In an extract from his forthcoming book about China, "The Writing on the Wall," British thinker Will Hutton argues
that China's economy is far from a free enterprise success story:
"The truth is that China is not the socialist market economy the party describes, nor moving towards capitalism as the western consensus believes. Rather it is frozen in a structure that I describe as Leninist corporatism - and which is unstable, monumentally inefficient, dependent upon the expropriation of peasant savings on a grand scale, colossally unequal and ultimately unsustainable. It is Leninist in that the party still follows Lenin's dictum of being the vanguard, monopoly political driver and controller of the economy and society. And it is corporatist because the framework for all economic activity in China is one of central management and coordination from which no economic actor, however humble, can opt out."
Hutton describes rampant corruption in China, which he attributes to the lack of institutions such a free press and an independent judiciary which might check the power of Communist party officials. He argues that true capitalism requires much stronger property rights and greater individual freedom than currently exists in China.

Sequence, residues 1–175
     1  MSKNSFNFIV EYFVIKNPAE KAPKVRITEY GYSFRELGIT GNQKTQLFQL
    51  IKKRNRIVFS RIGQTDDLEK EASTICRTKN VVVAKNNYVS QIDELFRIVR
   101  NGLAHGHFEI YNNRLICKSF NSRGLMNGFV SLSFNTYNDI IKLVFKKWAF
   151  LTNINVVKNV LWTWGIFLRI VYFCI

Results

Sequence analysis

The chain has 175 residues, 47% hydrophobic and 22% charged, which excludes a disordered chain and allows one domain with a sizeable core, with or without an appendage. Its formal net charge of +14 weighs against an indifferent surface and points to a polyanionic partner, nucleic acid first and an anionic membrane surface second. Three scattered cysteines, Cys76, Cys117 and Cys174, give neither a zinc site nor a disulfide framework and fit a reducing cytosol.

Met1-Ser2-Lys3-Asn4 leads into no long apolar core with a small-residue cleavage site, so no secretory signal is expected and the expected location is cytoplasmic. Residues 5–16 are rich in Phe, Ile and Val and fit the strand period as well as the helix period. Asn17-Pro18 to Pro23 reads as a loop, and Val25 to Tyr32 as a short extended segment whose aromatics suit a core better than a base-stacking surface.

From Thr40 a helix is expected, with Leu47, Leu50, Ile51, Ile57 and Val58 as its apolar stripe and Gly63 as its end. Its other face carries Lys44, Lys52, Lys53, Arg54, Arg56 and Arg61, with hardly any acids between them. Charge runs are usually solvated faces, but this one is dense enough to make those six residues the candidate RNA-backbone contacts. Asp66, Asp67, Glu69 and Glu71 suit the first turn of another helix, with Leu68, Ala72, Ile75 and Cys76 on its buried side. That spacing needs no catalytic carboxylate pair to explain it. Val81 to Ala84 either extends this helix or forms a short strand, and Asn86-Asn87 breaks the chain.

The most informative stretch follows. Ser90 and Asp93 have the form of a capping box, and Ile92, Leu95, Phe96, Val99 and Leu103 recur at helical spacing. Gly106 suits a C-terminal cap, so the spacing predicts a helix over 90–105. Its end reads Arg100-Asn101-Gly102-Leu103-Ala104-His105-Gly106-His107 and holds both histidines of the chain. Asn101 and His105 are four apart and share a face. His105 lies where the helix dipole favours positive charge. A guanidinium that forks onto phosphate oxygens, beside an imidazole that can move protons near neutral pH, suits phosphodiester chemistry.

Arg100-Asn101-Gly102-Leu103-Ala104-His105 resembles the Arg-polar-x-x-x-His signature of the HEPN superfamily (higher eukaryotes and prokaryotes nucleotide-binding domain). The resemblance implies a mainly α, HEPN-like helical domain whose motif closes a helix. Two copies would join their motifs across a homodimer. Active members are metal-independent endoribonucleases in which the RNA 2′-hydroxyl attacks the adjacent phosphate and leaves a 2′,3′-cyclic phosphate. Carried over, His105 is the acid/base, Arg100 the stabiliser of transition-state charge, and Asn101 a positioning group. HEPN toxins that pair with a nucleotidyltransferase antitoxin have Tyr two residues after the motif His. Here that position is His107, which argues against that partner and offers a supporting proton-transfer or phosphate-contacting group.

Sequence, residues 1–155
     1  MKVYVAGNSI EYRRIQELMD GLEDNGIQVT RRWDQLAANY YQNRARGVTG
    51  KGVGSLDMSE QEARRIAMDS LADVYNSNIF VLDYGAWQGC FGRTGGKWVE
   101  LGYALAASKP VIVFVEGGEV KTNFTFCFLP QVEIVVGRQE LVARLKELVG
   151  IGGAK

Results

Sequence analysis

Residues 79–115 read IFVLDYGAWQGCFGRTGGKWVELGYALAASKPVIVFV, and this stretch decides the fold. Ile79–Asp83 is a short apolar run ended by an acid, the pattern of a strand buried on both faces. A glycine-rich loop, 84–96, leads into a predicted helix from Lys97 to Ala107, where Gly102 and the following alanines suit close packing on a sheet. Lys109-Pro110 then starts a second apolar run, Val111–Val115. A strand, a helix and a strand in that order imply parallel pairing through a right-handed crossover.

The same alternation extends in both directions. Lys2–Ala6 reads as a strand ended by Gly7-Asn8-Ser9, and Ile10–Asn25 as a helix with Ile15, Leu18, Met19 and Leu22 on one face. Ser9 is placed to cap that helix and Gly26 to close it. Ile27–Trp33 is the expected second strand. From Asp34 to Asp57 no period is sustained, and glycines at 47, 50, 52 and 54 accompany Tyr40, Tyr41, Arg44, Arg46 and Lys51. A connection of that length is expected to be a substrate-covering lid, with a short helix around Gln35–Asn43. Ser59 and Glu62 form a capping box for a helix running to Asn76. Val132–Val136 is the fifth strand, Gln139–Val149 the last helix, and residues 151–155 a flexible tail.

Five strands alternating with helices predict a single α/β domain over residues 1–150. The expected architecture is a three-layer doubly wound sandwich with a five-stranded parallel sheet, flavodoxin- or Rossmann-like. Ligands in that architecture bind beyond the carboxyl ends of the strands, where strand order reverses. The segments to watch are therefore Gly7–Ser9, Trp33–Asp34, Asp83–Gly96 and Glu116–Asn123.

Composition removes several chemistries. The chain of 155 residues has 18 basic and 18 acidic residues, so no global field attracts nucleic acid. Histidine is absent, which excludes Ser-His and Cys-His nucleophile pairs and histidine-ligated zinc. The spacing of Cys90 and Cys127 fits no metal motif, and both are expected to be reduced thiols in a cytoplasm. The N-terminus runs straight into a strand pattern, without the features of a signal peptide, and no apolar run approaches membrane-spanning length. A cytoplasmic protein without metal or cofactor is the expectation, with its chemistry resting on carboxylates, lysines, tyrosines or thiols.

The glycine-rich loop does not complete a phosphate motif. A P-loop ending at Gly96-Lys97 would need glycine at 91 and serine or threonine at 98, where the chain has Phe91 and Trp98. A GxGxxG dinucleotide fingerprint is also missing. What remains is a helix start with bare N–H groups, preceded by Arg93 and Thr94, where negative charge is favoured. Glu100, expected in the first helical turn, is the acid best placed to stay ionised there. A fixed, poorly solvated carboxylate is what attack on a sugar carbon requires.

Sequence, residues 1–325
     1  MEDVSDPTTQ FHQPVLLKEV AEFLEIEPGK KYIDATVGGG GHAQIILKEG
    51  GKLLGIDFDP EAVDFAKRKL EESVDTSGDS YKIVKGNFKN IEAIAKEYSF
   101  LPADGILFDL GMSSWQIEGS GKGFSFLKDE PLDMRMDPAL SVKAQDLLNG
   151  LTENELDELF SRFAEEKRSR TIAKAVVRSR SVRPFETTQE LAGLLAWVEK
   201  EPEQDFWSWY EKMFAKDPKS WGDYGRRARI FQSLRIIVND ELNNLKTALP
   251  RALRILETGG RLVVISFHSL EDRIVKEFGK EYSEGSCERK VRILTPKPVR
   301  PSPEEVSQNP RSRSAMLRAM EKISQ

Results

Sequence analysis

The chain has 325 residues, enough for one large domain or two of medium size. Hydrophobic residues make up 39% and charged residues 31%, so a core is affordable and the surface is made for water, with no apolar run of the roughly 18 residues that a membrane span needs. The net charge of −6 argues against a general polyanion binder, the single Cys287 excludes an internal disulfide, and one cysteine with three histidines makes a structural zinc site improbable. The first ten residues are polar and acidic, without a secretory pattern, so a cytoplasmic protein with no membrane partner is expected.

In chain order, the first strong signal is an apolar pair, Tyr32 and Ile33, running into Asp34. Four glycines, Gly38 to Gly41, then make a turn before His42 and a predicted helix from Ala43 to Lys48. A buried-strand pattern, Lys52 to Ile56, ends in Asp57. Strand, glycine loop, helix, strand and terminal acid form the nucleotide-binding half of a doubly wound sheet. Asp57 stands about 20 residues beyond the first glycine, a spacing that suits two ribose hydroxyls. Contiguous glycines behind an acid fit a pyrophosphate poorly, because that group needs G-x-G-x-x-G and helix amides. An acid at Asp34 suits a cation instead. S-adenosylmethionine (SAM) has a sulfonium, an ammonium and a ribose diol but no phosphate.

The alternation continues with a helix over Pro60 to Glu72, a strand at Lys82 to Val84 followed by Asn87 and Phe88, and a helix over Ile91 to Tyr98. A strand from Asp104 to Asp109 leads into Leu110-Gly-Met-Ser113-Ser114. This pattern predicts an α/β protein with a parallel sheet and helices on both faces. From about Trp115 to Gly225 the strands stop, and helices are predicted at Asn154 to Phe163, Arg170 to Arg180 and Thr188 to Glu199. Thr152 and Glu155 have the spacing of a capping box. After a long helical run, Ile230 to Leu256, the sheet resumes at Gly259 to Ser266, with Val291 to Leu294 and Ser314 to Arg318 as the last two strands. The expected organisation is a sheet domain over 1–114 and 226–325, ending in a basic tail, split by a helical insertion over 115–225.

"The west is unforgivably ignorant about China's shortcomings and weaknesses, which leads it vastly to exaggerate the extent of the Chinese "threat"....Rather, the west needs to understand the depth of China's problems and the possibility, if not probability, of an economic and political convulsion as China seeks their resolution."